+ The Mtkvari River originates in Klarjeti (now NE Turkey) and flows some 400 miles north and east before emptying into the Caspian Sea. The watershed of this river, together with the parallel Araxes River to the south, formed the locus of an advanced neolithic society in 3000 BC, attested to in numerous archeological sites where evidence of trade, urbanization, religion, and agriculture have been located. Currently, this area crosses from the Eastern Anatolian steppe into what is today Armenia, Georgia, and Azerbaijan. While in Georgia, we will visit the 12th century cave city of Vardzia on the Upper Mtkvari River, as well as the 9th century Sapara Monastery on one of its tributaries. Near where the Mtkvari River flows through Tbilisi, capital city of Georgia, we visit the 11th century Cathedral of the "Living Cross," and a Roman bridge built in 65 AD. It was in this town, Mtskheta, where St. Nino the Enlightener managed to convert the local monarchs to Christianity in 326 AD, working miracles that saved the life of Queen Nana.
+ Tbilisi, capital city of Georgia, founded in the 5th century by King Vakhtang Gorgasali. A center of trade and conflict for centuries, Tbilisi has been sacked forty times by various invaders but survives today as the modern hub of the South Caucasus. Nevertheless, the downtown area is full of winding cobblestone streets, small shops and restaurants, as well as the churches, synagogues, and mosques that celebrate the diversity of this unique country. As we tour monasteries in the ancient capital region, a comfortable downtown Tbilisi hotel will serve as our home-base, affording a chance to sample the best of Tbilisi's dining and evening entertainment, and visit the wealth of museums, spas, and cultural delights in the "Old Town."
Path of St. Nino, Enlightener of Georgians
+ St. Nino, a woman from central Anatolia, traveled overland through the Tao-Klarjeti region, following the Mtkvari river. She lived with Jewish communities, being an Aramaic speaker. She stayed for a time at Lake Parvan before continuing over the highland steppe country near the town that is called today Ninotsminda (Saint Nino), arriving at the palace of King Mirian and Queen Nana in the year 320 AD. There she worked miracles and converted first the queen and then the king. On this tour, we follow this route from Tao-Klarjeti back to Tbilisi-Mtskheta.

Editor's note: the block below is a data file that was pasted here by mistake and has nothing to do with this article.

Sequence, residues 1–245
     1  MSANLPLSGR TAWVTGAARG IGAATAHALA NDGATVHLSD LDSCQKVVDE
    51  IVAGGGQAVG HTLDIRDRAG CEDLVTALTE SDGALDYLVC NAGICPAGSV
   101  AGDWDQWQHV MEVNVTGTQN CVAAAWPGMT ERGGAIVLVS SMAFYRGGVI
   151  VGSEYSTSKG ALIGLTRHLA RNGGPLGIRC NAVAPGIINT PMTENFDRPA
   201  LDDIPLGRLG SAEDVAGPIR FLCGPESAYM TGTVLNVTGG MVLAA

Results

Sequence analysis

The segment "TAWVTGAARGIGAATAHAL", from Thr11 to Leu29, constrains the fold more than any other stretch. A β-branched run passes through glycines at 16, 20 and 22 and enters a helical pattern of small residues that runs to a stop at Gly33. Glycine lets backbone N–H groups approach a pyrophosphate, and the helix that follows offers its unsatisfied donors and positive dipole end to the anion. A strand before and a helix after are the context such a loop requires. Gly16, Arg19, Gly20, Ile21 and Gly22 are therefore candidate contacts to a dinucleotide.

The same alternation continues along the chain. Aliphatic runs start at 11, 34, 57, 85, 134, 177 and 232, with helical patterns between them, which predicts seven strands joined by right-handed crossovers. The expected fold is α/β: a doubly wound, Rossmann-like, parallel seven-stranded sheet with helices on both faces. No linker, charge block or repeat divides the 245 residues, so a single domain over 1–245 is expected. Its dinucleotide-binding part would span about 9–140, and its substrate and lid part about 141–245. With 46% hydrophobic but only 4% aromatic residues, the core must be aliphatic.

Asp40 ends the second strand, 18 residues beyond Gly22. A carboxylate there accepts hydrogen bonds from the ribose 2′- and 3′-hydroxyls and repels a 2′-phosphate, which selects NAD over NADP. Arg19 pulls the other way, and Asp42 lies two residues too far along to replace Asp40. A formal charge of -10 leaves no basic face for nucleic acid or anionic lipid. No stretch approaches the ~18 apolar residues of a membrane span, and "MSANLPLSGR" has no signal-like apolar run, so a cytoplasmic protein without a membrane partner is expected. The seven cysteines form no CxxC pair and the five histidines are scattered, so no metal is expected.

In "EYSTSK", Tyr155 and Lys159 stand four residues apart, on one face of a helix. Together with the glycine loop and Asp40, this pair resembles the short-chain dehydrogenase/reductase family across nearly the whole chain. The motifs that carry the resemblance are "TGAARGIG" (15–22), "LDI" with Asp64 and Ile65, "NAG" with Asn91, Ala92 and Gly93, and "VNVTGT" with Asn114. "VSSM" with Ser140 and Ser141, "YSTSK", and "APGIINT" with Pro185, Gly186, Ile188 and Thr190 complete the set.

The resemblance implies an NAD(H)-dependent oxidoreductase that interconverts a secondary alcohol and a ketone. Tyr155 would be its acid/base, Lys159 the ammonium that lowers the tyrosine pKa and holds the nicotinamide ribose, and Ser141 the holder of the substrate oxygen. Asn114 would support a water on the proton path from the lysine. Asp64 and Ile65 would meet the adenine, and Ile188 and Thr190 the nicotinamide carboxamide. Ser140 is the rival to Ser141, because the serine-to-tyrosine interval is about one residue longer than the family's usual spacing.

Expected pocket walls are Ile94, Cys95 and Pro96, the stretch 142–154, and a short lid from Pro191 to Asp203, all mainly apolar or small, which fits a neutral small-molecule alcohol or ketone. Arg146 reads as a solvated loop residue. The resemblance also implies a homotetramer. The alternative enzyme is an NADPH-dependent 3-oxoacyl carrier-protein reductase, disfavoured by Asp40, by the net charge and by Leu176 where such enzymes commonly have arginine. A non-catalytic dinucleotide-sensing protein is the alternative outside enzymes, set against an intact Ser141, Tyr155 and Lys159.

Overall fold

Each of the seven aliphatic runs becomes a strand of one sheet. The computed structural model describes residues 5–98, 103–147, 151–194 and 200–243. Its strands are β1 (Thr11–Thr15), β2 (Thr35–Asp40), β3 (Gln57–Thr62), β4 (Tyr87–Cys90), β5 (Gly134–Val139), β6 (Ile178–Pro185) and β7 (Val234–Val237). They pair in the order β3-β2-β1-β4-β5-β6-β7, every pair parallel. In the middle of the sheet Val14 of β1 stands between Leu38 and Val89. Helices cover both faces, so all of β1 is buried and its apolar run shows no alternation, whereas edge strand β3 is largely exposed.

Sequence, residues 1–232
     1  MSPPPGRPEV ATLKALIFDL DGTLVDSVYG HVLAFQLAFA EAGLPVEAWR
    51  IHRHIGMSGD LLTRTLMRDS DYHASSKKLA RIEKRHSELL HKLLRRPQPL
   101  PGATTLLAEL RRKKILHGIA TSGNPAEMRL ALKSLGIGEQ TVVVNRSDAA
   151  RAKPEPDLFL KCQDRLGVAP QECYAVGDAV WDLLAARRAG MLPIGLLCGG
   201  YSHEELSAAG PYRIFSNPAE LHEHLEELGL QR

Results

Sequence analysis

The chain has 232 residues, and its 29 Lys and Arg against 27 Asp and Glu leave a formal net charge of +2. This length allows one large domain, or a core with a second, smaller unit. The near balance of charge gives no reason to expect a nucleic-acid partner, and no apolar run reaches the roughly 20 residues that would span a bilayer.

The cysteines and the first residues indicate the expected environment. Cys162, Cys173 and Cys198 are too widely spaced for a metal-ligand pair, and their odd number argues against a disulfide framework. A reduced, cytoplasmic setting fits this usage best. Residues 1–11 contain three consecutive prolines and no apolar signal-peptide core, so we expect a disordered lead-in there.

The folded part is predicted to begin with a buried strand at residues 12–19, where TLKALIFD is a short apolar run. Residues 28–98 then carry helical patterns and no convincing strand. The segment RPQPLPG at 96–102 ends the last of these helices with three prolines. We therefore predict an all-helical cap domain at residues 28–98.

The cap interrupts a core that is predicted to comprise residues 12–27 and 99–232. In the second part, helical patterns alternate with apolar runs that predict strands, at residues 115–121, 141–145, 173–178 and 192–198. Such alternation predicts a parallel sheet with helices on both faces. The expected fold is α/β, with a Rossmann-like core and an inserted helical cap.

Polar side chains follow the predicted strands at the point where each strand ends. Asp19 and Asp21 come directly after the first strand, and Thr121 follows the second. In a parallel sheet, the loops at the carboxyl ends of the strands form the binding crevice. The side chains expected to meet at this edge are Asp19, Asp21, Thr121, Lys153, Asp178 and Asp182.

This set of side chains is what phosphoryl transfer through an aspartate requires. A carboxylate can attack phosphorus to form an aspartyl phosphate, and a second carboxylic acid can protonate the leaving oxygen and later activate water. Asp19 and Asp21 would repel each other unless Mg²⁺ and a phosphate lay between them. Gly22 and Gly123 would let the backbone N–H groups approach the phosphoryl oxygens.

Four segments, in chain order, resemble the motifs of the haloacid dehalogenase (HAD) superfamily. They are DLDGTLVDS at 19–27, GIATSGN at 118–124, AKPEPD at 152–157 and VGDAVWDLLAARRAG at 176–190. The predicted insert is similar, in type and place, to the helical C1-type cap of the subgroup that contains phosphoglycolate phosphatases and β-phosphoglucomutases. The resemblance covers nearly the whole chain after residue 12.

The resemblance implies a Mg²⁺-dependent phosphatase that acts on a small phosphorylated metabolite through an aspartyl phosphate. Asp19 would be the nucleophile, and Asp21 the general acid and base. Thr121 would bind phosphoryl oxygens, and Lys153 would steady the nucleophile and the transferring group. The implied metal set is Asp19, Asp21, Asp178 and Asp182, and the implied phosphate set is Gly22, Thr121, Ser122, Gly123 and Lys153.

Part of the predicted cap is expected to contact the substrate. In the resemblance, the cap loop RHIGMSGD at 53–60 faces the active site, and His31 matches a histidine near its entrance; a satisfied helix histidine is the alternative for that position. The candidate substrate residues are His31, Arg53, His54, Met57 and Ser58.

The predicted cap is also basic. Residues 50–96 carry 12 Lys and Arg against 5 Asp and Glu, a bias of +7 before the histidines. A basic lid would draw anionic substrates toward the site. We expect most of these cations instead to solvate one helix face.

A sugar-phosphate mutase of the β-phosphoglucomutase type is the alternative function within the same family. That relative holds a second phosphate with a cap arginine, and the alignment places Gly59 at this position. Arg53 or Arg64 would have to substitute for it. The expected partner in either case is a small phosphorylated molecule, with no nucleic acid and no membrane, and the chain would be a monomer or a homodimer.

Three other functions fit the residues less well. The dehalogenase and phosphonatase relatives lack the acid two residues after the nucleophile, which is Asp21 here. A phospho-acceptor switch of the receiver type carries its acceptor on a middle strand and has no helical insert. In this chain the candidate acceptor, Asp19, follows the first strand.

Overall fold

+ For those joining the extension tour to Kazbegi, this region offers the only reliable gateway through the Great Caucasus Range.The wagon road built through the passes in the early 1800s was called the "Russian Military Highway" and was traveled by countless Russian soldiers fighting their war of conquest against the Caucasian tribesman, as well as the artists and writers who wrote about them: Lermontov, Pushkin, Tchaikovsky, and others. Home to the Mokhevians and Pshavian tribesmen, these peoples speak a dialect of the Georgian language, and were historically allied with the lowland kings of Kartli - East Georgia. The region features spectacular hiking among the peaks, historical churches especially the 13th century Trinity monastery on the ridge above the town of Stepantsminda, and a well-known ski resort.